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The Cambridge History of English and American Literature in 18 Volumes (1907–21).
Volume VI. The Drama to 1642, Part Two.

I. Ben Jonson

§ 15. The Alchemist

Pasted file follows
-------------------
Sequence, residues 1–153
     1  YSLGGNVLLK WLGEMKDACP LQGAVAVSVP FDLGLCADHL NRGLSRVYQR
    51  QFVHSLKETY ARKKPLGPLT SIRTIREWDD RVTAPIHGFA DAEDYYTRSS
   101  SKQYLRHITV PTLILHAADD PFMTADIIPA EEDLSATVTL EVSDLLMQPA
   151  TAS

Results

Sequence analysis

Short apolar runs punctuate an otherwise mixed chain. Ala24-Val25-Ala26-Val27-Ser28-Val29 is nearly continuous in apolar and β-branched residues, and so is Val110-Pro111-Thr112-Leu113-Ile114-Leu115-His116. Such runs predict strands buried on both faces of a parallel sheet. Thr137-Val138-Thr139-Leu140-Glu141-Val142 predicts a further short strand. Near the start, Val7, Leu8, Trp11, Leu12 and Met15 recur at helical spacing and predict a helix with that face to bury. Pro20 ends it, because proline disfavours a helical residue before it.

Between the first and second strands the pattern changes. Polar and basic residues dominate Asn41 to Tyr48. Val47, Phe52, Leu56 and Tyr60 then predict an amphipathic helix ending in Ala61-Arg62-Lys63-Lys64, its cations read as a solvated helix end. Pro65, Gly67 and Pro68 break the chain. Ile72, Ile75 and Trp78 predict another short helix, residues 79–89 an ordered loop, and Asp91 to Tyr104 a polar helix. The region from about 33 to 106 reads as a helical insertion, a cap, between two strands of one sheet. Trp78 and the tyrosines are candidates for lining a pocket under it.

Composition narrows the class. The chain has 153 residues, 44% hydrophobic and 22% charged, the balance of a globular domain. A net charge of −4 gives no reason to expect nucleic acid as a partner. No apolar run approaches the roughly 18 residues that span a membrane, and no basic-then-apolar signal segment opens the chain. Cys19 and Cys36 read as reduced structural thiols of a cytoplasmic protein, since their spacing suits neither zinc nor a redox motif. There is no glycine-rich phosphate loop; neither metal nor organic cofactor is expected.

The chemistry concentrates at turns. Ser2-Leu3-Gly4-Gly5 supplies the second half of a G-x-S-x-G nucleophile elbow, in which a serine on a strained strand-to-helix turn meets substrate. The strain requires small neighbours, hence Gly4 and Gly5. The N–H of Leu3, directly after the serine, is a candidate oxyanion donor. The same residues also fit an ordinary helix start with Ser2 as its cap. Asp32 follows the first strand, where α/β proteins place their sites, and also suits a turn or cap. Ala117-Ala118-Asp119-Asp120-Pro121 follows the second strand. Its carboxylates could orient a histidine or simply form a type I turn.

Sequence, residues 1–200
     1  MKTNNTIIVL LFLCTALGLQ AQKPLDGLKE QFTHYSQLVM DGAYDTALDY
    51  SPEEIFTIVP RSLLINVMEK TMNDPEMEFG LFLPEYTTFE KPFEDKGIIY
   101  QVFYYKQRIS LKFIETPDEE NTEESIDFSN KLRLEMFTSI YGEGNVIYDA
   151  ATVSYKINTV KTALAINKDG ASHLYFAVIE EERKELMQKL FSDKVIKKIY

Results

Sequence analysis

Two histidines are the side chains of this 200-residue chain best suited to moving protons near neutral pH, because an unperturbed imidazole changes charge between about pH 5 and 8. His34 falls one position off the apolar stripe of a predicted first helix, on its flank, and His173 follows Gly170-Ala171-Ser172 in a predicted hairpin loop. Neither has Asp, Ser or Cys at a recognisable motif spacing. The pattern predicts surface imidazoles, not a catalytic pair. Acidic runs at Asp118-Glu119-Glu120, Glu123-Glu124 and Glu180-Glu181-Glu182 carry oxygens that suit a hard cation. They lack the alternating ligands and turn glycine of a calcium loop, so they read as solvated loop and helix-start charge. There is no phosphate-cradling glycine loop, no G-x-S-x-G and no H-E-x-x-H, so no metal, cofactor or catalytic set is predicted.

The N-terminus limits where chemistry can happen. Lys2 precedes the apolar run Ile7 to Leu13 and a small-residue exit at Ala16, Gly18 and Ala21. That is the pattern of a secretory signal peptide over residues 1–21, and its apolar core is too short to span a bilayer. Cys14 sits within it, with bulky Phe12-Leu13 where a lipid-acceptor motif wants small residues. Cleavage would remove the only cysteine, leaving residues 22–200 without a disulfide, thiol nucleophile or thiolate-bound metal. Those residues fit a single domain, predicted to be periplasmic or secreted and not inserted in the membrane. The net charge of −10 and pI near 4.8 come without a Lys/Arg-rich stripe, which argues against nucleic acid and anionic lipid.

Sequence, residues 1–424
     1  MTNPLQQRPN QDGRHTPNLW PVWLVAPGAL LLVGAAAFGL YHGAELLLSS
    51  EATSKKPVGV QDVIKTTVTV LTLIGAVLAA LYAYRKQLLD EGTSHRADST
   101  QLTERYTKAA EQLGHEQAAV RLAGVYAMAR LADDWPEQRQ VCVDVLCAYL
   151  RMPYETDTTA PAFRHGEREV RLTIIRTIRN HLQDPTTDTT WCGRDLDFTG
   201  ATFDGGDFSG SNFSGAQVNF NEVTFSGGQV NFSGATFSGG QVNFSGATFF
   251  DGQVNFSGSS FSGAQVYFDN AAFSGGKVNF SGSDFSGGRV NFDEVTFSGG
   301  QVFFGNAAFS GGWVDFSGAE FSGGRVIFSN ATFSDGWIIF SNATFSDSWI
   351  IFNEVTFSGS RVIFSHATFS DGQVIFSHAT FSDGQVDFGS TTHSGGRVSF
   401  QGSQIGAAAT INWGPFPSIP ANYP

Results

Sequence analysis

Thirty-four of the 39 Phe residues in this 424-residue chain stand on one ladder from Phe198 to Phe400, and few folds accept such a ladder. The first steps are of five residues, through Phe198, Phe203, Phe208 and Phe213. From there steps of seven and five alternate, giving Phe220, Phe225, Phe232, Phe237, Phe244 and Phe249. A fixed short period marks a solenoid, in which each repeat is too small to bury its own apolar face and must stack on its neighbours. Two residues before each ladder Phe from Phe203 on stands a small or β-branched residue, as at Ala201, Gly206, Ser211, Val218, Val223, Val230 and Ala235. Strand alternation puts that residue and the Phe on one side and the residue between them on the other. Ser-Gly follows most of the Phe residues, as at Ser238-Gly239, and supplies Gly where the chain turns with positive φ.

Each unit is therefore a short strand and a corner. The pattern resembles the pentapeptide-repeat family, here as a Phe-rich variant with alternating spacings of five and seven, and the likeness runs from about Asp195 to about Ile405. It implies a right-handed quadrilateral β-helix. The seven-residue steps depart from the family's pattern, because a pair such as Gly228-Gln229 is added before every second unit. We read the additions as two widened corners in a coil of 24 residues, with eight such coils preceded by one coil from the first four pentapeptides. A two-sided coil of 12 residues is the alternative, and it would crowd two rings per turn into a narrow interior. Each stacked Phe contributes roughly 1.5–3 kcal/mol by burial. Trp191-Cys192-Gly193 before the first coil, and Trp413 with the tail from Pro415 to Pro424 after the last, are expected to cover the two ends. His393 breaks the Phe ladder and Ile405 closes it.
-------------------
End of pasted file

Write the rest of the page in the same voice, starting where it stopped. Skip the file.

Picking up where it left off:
In The Alchemist, Jonson essays another large canvas of tricksters and gulls. Subtle, the alchemist, Dol Common and Face, a housekeeper, have set up their snares in the house of Face’s master. Hither come an extraordinary procession of gulls, whose very names are enough to recall the lifelike characters—Dapper, a lawyer’s clerk; Abel Drugger, a credulous tobacco man; Sir Epicure Mammon, a voluptuary with a Micawber-like gift of eloquent anticipation; Pertinax Surly, a doubting Thomas; Tribulation Wholesome and Ananias, two brethren of Amsterdam, who make an effort to serve both God and Mammon, without forgetting the weaker brethren; Kastrill, a foolish heir and Dame Pliant, his sister, a widow. One after another, they expose their folly and greed, and add to the fun and entanglement, until the master of the house returns and joins with Face to keep the spoils, including the widow, and to lock the doors on dupers and duped. Perhaps in no other play has Jonson so completely succeeded in accomplishing what he intended as he has in this. There are no tiresome excursuses, as in Volpone and Bartholomew Fayre; in everything, he uses “election and a mean.” The entire play is in blank verse, which is most skilfully adapted to the rapid dialogue or to the orations of Tribulation and Sir Epicure. The language is varied, idiomatic and precise; the style, finished and animated. The ingenuity of the plot, which Coleridge ranked among the three most perfect in literature, the liveliness of the action and the delineation of manners, harmonise in a work which, of its kind, could hardly be bettered. The satire on alchemy, which was not without daring in the days of Simon Forman, flavours the fun without destroying it; and the picture of Elizabethan London is without an equal, unless it be in Bartholomew Fayre.